This poem presents the oldest character in the world, Mr. Death himself, who’s done the most predictable thing on earth: He “took” someone. But Olds understands that what people fear is not the cliché Mr. Death of the skeletal fingers and slashing scythe; such exhausted images have no potency left today. Instead, Death becomes something very real here, and extremely frightening: an actual murderer. The poem contains the insight that, to us helpless human beings, all death is a kind of murder—murder by cancer, by heart attack, by stroke, by automobile accident. Whatever the cause, we all face the final loss of “sight, taste, touch, hearing,” and become that thing—a corpse—which “looks exactly like” us, but “which can do nothing.” We protest, we fight, we plead—as we would if faced with a literal, human murderer—but to no avail. Mr. Death “takes” us, yes—but in a real sense he murders us.
Folks of a certain age will remember the theme song for the old MARY TYLER MOORE show—it was called “Love Is All Around.” I’m tempted to revise that here to “Horror’s All Around,” because finding topics for poems of horrific content is as easy as turning on the TV or picking up a newspaper. Or, for some people, looking at the blinding shadows of their own lives.
Horror poetry? Try Olds, Ai, Heyen. And lots of others. Horror truly is all around.
Last night I dreamed of Anne Frank
again. She stood in a white dress
at the end of a tunnel black
like a sewer. Are you there?
she called in perfect,
faintly British English,
her voice reverberating back
onto itself. I do hope
you’re there, because I’m alone
here and I’m very hungry.
I watched her scrape black fog
from the cylindrical wall
and put it in her mouth, saying,
You see, I eat shadows here.
I checked my pockets, finding
only handfuls of shadow. They spilled
from my coat, washed down
the tunnel, ran over her bare feet.
Oh no, she said, I was so hoping
you’d brought something else…
And then I was not there.
She ran toward where I
had been, calling, Hello, did you bring
chocolate? I love chocolate! And fruit,
and almonds. She stopped then,
looked around. Fell silent.
After a while, her fingers
reached to scrape
me mechanically from the wall.
And, without expression, she
placed me slowly
into her mouth.
(Originally published in Pembroke Magazine #29, 1997)
Starkweather Dreams: Countdown
Nebraska, January 27, 1958
She won’t know,
as the two figures materialize
on the road before them—a young man
with a shotgun, and a girl—that
In forty-seven minutes the young man
will be ripping a hunting knife
through her vagina,
Or that in forty-three minutes
he’ll be pulling the pants down
from her dead body,
Or that in thirty-eight minutes
he’ll place the shotgun behind her head
and burst her brain like crushing an egg,
Or that in thirty-seven minutes
he’ll order her to walk down
the steps of the storm cellar,
Or that in thirty-five minutes
she’ll stand in the Nebraska night
unable to move for terror or breathe,
Or that in thirty-four minutes
she’ll watch him shove her fiancé Bob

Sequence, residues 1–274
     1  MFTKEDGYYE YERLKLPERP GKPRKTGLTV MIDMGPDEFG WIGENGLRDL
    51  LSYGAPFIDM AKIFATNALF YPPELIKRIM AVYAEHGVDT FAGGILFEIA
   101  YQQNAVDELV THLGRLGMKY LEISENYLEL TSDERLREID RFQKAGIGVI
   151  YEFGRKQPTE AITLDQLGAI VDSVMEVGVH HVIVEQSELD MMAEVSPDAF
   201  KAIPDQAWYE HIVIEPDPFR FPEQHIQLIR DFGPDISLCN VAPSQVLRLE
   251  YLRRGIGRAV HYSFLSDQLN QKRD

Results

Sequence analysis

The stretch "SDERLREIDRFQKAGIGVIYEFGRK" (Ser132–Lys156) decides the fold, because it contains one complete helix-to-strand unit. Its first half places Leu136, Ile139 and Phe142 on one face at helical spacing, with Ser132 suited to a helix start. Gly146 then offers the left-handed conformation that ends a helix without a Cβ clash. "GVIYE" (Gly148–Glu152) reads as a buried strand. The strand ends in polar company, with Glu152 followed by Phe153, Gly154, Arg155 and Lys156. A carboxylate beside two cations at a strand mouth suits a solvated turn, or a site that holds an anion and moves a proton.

down the steps and explode six shots
into the back of his skull,
Or that in twenty-eight minutes
he’ll march both of them
across the frozen ground, shotgun
at their backs,
Or that in twenty-five minutes
he’ll order them both out
of the truck, the girl holding
the gun on them as they move,
Or that in twenty-two minutes
he’ll demand that they pull over here,
stop right here, while the girl tells them
they damn well better do it,
Or that in sixteen minutes
the shotgun will be aimed at Bob’s neck
while the girl rifles through his wallet
and extracts four dollars,
Or that in twelve minutes
the young man will declare You just do
what I tell you and you won’t get hurt,
Or that in four minutes
Bob will ask Don’t you drive
a Ford? Black? ’49?
Or that in two minutes
he’ll turn the truck around
to give those kids a lift to town,
Or that in one minute
he’ll look at her and say, We should
pick ’em up, I think I know that guy,
Or that in one second
two figures will materialize
on the road before them, a young man
with a shotgun, and a girl…
(Originally published in Poet Lore Vol. 100 #3-4, Fall/Winter ’05 )
My Mother, Remembering Michael
A lifetime later, jaundiced
and cirrhotic, on her back
in the bed from which, in
a week or ten days, para-
medics will lift her, she hears
this, coming from her bed-
side radio, about the mother
of a girl murdered 13 years
before, whose remains have
just been found: that she,
the mother, went to the funeral
home, lifted the top of
the little coffin, and touched
her daughter’s bones.
“It was my way of saying
goodbye,” she said.
Light is dim in my mother’s
shuttered room. She tries
to place the bottle back
on the bedside table, but
it falls. Empty, anyway.
She finds her hand lifting,
outside her control, lifting,
but touching only air.
(Originally published in Poet Lore Vol. 95 #4, Winter ’00-’01)
What There Is
What there is
is three sheets of paper:
certificate of birth,
8:04 a.m., 31 July 1955,
with two blue footprints tiny enough
to freeze breath in lungs;
and of death, 10:40 p.m.,
same day, “14 hours” typed
antiseptically under Length of Stay
in This City or Town;
and the third—
head and two hands
engulfed by waves
of Kodak satin
in a coffin smaller
than any coffin should be.
I speak to him sometimes,
this little big brother—parents
dead now too, and buried and burned
(Originally published in Poet Lore Vol. 95 #4, Winter ’00-’01)
I hide in dark
corners of your day,
slither in long shadows
cast across your path.My voice teases under
wind’s gusty breath.
As light fades,
you may see me nearing,
you may hear my hungry cries.
As west consumes the day,
you will feel my craving breath
touch your supple flesh.
In blue twilight,
terror parts the silent veil.